Outside the US

Joy Frestedt frest001 at MAROON.TC.UMN.EDU
Sat Feb 17 13:58:11 EST 1996

WOW, as a woman doing the molecular biology thing in the US, I find 
Sarah's description of the European doctorate fascinating.  Do 
listeners from other countries have info about this topic (or 
additions/corrections to our understanding of the situation in Britain 
and the US)?  Sarah mentions that the PhD is a "3 year degree after 
school" - please tell me how many years have you typically been in school 
when you reach the "after school" part.  Here are a few things about the 
US science PhD (at least things I recall from other readings and from my 
experience in Minnesota):

The US PhD is awarded to less than 0.5% of the population

After 12 years of school and 4 years of college (specializing in one 
    field) the typical PhD in the US studies an additional 1-3 years in 
    coursework and classes (seminars and workshops and journal clubs) 
    which are specific to their field of research.  Students are selected 
    for the college and then later PhD programs at about the top 1-50% of 
    applicants (depending on where you apply, etc.)

In addition to coursework, a US PhD (in the sciences) typically has a 
    "workload" to earn pay either as a Teaching Assistant or a Research 
    Assistant (at least this is true in MN).

After the coursework is completed, most programs I am familiar with (at 
    least in the sciences) require completion of a written exam.

Then a 1-2 year preliminary data generating stage.

Then an oral exam (often a defense of the thesis proposal).

Then 1-3 additional years of bench work with publications.

Then write up PhD thesis and defend.

The average time to completion in my program has been 3 (if you are a male 
    student) to 7 years.

I know the European system produces some of the best scientists in the 
world and I support the idea of keeping science "less stressful" - but I 
don't know about restricting access to the PhD track and being "more 
selective".  I think many people have lots to offer science, especially 
elementary teachers.  A trend I am seeing in the US is to get more PhDs 
interested in supporting education at the lower levels.  Maybe due to our 
overproduction of PhDs or perhaps due to the selection of cheap labor (ie. 
grad students and post docs) for doing science in this country.  I KNOW 
for a fact that more women leave science and this hostile difficult track 
than men (NOTE: these are bright women and many of them do find better 
situations than what they put up with in our system of science).

RE: funding, the MN PhD research assistant gets about $13500.00 a year 
for a 50% appointment (meaning the other 100% of your time is devoted to 
school and thesis work) and undergrads typically get NOTHING (except the 
huge loans Sarah mentioned).  This is particularly worse for education (ED 
has already pointed this lack of funding out in his posts about students 
looking for funding for women undergrads in education) and the arts.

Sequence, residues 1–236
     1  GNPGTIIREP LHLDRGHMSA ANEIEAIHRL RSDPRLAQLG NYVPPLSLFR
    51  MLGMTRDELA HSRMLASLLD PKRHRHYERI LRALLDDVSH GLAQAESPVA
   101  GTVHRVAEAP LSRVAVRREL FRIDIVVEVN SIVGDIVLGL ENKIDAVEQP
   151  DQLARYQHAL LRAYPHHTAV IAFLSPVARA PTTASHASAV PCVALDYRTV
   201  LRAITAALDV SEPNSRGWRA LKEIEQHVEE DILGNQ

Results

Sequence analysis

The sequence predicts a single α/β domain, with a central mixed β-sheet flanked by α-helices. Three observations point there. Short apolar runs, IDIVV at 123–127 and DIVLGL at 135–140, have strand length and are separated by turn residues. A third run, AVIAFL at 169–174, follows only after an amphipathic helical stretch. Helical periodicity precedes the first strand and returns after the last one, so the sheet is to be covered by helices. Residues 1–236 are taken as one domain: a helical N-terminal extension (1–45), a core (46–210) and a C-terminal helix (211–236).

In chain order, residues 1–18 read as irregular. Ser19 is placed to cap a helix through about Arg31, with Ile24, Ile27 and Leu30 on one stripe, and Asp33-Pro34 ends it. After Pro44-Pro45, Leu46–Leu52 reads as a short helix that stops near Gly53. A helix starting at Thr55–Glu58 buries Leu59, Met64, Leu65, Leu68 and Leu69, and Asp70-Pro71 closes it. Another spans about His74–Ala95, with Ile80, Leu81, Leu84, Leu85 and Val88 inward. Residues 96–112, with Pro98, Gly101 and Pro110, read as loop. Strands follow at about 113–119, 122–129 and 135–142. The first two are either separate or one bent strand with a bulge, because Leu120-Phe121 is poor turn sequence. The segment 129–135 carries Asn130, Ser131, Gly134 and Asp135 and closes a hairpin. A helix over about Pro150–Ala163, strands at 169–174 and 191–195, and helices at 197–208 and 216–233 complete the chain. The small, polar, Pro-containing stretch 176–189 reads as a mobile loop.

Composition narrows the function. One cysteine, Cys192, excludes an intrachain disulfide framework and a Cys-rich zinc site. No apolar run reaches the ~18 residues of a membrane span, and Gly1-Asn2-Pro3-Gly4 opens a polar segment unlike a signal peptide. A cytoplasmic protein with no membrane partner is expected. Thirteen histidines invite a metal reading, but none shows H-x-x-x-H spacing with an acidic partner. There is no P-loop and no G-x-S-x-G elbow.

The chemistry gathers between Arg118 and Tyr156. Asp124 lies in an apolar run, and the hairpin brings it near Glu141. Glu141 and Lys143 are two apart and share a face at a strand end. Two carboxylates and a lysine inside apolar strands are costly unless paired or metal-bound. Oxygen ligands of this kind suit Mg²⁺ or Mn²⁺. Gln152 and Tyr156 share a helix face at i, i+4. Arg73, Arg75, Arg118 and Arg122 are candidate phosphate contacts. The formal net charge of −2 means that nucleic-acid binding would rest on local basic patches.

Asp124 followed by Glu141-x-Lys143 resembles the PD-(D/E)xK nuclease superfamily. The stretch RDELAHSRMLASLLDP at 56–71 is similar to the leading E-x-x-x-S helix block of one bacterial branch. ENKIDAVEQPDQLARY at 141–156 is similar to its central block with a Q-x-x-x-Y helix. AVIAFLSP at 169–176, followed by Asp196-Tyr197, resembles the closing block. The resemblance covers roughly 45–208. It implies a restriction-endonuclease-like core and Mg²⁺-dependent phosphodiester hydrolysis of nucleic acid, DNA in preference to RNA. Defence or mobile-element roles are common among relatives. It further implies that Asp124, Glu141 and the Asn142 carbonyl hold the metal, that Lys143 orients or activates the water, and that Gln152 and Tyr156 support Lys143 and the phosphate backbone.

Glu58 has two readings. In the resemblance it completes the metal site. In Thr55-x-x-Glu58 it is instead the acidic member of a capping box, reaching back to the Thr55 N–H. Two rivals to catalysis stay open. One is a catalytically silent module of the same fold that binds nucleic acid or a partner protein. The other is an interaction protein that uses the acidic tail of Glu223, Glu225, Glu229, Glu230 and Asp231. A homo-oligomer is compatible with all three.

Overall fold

RE: finding a job in mol. biol. I anticipate 1-3 post doctoral 
appointments BEFORE I am even a serious contender for the US asst. prof. 
slots and then the funding levels at the top 4-10% of all applicants 
(regardless of investigator rank - well, sort of...) for government grants 
ensures that 96-90% of us will not be funded to do our research.  I think 
you can see the stress in MY voice.

Anyway Sarah thanks for the info - I hope we can relax more and hear more 
of the views from our non-US listeners and lurkers on all topics (even 
males if they support _women_ in biology).  Your perspective really helps 
me to relax and think more about the bigger picture and how nice it must 
be.  I hope we can help each other with more info and more ideas about how 
to fix things that are wrong (or at least survive them) in each of our 

----- Forwarded message begins here -----
From: Ms. S.J. Rickard  <srickard at hgmp.mrc.ac.uk>
To: womenbio at net.bio.net
Date: Fri, 16 Feb 1996 16:56:34 +0000
Subject: Re: Outside the US
Well, I don't know what the eqivalent of Grad school is here in the UK.
We do a 3 year degree after school and I think that British Universities 
are far more selective than US ones, in that only a small % of people 
actually get in (although the government (spit) have increased numbers in 
the past few years). It used to be 2-4% of the population, now it is more 
as they have expanded the system. The British degree is "harder" than a US 
degree to my knowledge which is why a British Phd takes only 3 years. 
British Phds don't usually have lectures or seminars as an undergraduate 
degree student would, although help is provided, but less formally. A 
British Phd must take a minimum of 2 years, but funding is provided for 3 
years (a measly sum of around 6,000 pounds a year). Undergraduates 
studying for a 3 year degree get a derisory 2,000 pounds a year and have 
to take out vast loans, but that's another political story!!!!!
Hmmmmmmm....I think I have outlined the British higher education system 
briefly for our American cousins. Speaking from a molecular biology point 
of view it is fairly easy to get funding and a place for a Phd if you 
have a 2i degree classification in Britain (our classification system 
goes something like this: 1st bloody clever/genius 5%, 2i reasonably 
clever 30%, 2ii average kind of cleverness 50%, 3rd dim 10%, pass very 
dim 5%, Fail lobotomy/dead 5%).
Clear as mud eh!!?????
------ Forwarded message ends here ------

Joy L Frestedt, PhD candidate
Pathobiology program, Lab Med and Path
University of Minnesota Medical School
Box 86 UMHC
Minneapolis, MN 55455
frest001 at maroon.tc.umn.edu

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